WASHINGTON — On the two-year anniversary of a Metro passenger’s death, Metro Board Chairman Jack Evans said Thursday he understands riders’ concerns about the transit agency’s court filings this week claiming it has no legal responsibility to assist riders in the event of smoke or fire.
“Unfortunately that is out there and, as a layman rider, I would be concerned if I read that,” Evans said. “But it is not Metro’s … position that we don’t feel responsible for the safety of our passengers. Quite the contrary, we do feel very responsible for the safety of our passengers.”
Carol Glover died Jan. 12, 2015 after a Yellow Line train got stuck in a tunnel and filled with smoke. The National Transportation Safety Board reported a series of miscommunication mishaps and a litany of other errors. Her family and dozens of other people injured in the incident have filed lawsuits in the case.
Metro’s court filing Monday was an effort to have those cases dismissed or, alternately, to place the blame for the incident on the District.
“We don’t train our people to be a fire department, to be firefighters or to be emergency medical people, that’s not what they are,” Metro General Manager Paul Wiedefeld said Thursday in explaining the filing.
“We are not a fire department, that’s not what we do,” he said.
Citing the ongoing lawsuit, Wiedefeld declined to comment on the specific legal argument in the case that has drawn the ire of so many Metro riders since WTOP first reported it Monday evening.
The District could file a similar motion to dismiss the lawsuits later this month, which could be based on claims of sovereign immunity, which protects governments from lawsuits in certain circumstances.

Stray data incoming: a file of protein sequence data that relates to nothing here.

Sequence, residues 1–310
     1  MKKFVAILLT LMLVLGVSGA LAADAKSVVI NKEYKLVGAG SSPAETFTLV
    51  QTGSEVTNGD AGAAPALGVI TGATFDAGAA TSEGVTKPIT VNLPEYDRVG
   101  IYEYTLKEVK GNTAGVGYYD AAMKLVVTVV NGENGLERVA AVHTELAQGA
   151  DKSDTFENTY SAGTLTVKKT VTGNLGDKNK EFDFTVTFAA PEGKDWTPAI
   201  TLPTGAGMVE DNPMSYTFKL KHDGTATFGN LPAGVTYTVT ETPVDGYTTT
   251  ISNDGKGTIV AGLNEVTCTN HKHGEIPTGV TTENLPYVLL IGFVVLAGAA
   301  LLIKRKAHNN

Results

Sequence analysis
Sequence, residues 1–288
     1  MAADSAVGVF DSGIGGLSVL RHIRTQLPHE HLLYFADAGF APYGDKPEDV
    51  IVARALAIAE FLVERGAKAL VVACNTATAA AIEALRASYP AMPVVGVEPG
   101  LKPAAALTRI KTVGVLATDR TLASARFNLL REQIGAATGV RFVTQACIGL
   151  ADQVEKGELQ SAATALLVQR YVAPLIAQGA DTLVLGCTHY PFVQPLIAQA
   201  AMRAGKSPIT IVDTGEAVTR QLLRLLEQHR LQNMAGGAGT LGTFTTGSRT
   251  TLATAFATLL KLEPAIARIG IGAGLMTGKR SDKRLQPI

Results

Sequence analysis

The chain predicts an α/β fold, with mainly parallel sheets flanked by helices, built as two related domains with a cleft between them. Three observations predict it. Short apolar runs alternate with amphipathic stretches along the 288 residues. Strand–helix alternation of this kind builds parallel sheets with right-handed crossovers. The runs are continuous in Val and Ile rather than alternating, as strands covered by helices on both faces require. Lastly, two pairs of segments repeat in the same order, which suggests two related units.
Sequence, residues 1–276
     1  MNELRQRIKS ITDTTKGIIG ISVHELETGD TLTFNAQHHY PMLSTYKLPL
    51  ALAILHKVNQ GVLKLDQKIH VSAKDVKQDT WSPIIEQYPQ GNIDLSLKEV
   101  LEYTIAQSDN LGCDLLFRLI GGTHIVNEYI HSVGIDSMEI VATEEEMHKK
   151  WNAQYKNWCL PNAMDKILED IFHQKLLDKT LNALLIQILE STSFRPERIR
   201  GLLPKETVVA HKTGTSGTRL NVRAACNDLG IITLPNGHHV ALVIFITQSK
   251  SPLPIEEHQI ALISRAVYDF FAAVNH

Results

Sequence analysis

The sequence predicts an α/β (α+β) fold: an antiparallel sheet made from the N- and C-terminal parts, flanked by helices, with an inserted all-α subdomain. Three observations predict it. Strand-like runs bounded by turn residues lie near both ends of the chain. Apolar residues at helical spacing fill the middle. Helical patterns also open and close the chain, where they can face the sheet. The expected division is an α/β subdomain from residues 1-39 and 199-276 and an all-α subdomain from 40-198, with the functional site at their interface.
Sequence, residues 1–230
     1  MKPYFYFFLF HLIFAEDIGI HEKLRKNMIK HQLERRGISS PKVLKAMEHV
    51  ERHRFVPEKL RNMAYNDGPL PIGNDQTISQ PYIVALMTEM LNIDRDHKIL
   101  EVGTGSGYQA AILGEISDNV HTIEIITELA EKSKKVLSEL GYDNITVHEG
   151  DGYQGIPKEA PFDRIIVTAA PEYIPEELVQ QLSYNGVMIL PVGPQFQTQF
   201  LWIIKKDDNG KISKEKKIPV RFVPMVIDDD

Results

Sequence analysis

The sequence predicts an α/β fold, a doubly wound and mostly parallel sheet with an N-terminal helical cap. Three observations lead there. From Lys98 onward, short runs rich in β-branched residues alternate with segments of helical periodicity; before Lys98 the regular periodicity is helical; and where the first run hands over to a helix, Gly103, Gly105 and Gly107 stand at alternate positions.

Evans cited his position as both the leader of the Metro Board and a D.C. Council member as an issue that complicated any comments he might make.
“No, I don’t agree that Metro doesn’t have some responsibility to [help] when a train fills with smoke,” he said. “So, in the abstract, you know, I read that and was puzzled by the statement,” he said.
Evans added, “I don’t think Metro really means that.”
Sources told WTOP that Metro Board members grilled staff Thursday about why the specific argument that Metro has no legal responsibility to help riders in a fire emergency was even included in the filing, when other parts of the court documents make separate arguments based on Metro’s agreements with area fire departments.
“That comment is not one that I wish was … in any legal documents but I’m not part of the legal strategy,” Evans said.
“What I would tell the riders is that they can trust Metro that if any emergency occurs on any of our cars or in our system that we will respond with the greatest alacrity and try and provide the safest system we can,” he said.